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Woodsboro Farmers Co-op expands operation
by Tim Delaney
May 02, 2014 | 87 views | 0 0 comments | 23 23 recommendations | email to a friend | print
Tim Delaney photo
Woodsboro Farmers Co-op manager Roxanne Wiginton and Co-op board of directors president Walt Franke stand in front of the co-op's first grain elevator on Monday, April 28.
Tim Delaney photo Woodsboro Farmers Co-op manager Roxanne Wiginton and Co-op board of directors president Walt Franke stand in front of the co-op's first grain elevator on Monday, April 28.
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WOODSBORO – The grain harvested in Refugio County helps feed countries like Mexico, Argentina and China, to name a few.

While the oil and gas industry makes the news, hearing about farming being successful is hard to believe, but it is true.

The Woodsboro Farmers Co-op, owned and sustained by farmers in Refugio County, was started in 1947 and is going strong 67 years later to date, according to its manager, Roxanne Wiginton.

According to the National Council of Farmer Cooperatives, more than 40,000 co-ops exist in the United States.

“Last year, we filled up the grain storage tanks and had to ship out to make room,” Wiginton said.

The grain went to the Port of Corpus Christi and then was sent to Mexico.

She added that the amount of grain shipped out was a half million bushels.

The harvest last year was 430,000 bushels of corn and 2.3 million bushels of milo grain.

That’s a reason why the Woodsboro Farmers Co-op invested about $3 million to build two new storage tanks. The construction began last year in February.

“It’s expected to be completed by June 1,” she said.

That will be in time for the 2014 harvest in late June.

The two additional storage tanks add space for another one million bushels, bringing the total capacity of the co-op’s storage ability to 3 million bushels.

“We’re hoping to have the same problem as last year (not enough space),” Wiginton said.

The amount of money the co-op makes depends on the price of grain.

Last year, the price was $8 to $9 per $100 pounds. That generated $14 million gross.

The grain and corn were sold to ADM, a grain buyer based in Corpus Christi. The buyer sells to Mexico, China, Argentina and others.

She said grain is sold during fall and slow times—October and March. Other times, the retail store picks up sales for seed, crop inputs, fertilizers and chemicals.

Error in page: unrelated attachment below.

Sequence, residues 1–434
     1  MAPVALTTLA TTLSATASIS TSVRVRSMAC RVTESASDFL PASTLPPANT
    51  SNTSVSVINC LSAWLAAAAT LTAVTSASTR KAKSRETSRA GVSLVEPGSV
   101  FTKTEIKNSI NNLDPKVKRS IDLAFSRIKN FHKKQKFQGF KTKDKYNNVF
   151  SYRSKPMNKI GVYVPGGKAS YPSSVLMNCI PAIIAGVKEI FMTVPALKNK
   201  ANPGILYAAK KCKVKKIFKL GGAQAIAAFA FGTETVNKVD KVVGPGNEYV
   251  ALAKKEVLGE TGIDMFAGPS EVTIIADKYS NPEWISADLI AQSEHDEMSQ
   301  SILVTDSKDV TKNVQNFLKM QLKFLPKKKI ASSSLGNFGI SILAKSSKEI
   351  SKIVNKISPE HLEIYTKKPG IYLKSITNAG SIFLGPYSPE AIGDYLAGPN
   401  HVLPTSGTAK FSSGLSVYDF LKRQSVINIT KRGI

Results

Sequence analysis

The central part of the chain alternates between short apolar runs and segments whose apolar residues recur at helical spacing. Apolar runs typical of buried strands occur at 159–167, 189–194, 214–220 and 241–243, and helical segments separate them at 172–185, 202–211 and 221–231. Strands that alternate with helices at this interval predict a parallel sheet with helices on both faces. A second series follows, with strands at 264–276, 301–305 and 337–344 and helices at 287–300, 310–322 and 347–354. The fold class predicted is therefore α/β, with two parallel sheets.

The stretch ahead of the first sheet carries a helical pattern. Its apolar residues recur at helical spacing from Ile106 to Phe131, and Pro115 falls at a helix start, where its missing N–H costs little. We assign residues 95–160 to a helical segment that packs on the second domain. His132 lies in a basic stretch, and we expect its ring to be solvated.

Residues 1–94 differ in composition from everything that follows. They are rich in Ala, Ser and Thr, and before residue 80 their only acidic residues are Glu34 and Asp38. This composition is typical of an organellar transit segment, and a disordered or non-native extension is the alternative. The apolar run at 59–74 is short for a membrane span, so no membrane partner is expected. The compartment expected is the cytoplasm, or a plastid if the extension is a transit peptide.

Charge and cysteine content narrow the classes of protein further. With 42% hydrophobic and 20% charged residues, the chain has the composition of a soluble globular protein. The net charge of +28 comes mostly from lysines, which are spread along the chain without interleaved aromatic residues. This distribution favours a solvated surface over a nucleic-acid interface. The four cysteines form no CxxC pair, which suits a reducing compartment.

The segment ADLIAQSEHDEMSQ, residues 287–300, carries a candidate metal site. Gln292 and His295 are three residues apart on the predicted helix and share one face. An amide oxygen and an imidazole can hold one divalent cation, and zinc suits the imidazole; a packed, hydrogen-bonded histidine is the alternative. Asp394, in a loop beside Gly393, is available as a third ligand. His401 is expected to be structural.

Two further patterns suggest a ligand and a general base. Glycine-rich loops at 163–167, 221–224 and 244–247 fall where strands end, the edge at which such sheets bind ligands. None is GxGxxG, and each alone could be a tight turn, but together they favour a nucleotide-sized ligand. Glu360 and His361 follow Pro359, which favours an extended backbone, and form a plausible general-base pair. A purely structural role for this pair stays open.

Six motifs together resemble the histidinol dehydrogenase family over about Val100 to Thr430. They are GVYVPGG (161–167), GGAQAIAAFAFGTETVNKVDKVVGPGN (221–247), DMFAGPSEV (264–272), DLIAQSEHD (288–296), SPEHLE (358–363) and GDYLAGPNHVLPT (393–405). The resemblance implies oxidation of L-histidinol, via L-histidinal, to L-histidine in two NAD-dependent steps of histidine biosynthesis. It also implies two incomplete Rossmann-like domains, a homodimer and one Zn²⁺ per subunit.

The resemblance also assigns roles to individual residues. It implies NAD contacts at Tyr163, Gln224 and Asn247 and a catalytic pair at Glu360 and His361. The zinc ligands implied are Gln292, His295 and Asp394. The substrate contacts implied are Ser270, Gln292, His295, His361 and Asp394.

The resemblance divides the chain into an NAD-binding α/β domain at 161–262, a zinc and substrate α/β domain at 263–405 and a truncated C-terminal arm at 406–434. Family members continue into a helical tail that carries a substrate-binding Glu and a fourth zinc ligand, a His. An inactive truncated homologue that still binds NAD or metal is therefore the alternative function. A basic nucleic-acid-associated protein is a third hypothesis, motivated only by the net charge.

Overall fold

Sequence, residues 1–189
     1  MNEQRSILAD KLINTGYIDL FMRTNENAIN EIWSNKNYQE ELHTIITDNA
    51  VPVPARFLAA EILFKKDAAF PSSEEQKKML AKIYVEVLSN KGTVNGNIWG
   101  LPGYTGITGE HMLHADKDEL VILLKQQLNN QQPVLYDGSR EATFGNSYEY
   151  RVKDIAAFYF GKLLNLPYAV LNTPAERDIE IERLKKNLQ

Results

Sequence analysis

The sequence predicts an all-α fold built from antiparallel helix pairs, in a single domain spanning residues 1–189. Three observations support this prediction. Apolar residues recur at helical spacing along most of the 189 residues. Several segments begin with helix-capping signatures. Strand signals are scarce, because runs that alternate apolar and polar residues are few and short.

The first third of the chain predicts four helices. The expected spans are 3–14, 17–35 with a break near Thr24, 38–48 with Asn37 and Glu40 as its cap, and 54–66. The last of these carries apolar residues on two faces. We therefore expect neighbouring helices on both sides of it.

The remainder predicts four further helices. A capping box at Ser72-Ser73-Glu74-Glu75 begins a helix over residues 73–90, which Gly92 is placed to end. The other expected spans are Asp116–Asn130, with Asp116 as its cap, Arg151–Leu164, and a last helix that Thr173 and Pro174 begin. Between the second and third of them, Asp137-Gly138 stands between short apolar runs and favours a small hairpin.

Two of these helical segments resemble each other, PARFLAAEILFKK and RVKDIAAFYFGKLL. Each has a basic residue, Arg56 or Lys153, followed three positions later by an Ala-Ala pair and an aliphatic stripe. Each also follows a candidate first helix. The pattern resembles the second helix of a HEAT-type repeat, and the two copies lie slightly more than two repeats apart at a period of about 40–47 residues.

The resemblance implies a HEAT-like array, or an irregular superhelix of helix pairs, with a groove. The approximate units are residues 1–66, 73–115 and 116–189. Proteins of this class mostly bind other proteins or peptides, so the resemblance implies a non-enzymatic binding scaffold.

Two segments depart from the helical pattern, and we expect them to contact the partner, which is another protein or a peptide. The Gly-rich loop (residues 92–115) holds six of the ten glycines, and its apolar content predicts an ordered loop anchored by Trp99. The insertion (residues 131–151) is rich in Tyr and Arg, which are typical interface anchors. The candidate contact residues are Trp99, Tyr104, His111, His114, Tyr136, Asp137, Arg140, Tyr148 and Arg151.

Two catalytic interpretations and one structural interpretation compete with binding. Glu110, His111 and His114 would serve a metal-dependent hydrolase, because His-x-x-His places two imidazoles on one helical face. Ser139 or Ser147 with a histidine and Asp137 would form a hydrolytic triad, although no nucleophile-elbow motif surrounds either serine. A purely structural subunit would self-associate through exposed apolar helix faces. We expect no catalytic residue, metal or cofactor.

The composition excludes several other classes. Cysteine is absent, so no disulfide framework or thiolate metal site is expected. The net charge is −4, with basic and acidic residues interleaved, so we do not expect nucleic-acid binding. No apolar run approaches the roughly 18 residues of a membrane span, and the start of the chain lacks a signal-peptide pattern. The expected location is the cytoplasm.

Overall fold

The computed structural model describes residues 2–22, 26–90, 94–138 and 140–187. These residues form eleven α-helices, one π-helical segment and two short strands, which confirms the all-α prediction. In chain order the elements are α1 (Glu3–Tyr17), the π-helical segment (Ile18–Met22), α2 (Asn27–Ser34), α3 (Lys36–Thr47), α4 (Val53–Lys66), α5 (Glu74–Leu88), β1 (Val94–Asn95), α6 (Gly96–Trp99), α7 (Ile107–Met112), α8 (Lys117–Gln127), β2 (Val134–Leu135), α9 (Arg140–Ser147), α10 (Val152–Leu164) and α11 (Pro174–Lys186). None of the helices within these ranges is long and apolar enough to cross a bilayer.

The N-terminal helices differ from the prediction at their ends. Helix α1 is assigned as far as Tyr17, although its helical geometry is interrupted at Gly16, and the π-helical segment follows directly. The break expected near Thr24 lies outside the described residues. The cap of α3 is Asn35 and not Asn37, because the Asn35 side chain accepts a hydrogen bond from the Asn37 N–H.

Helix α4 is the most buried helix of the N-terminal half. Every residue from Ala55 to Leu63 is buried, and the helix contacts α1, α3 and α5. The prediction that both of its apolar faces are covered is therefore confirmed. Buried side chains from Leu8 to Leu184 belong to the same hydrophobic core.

Wiginton said in 2001, the price was $3 to $4 per 100 pounds, and that grossed $5 million.

Currently, the price is bouncing around between $8 and $8.50.

Each harvest is different, she said.

“My first harvest was in 1976. Thirty-eight harvests later, they’re all different. No two have been alike,” she said.

Wiginton has been manager with the Woodboro Farmers Co-op for 13 years.

She said the co-op has 71 active members, which includes landlords and farmers. Members have to farm in Refugio County although some farm in adjoining counties.

“The Woodsboro Farmers Co-op was originally established for only Woodsboro farmers, but over time, it became available for all Refugio County farmers.

The co-op offers agricultural service, seed, fertilizer, equipment parts and special orders, as well as a retail store.

“All profit goes back into dividends and book credits,” Wiginton said.

That means if $10,000 was the profit, then the co-op would pay a percentage in cash and a percentage back in book credits.

And the co-op equipment and storage facilities are constantly being maintained.

The facility has a contingency plan and is totally covered by Triangle Insurance Co.

In addition to Wiginton, Larry Jochetz is assistant manager; Sandy Thrash is controller; Duane Henderson is store manager; and Gilbert Vega is grain operation manager.

“We have 12 full-time employees, including me and the others mentioned, one part-time employee, and in summer we hire six to eight seasonal workers,” Wiginton said.

Already, the co-op staff and workers are preparing for the summer harvest. This time, they will be ready for larger crops yields.
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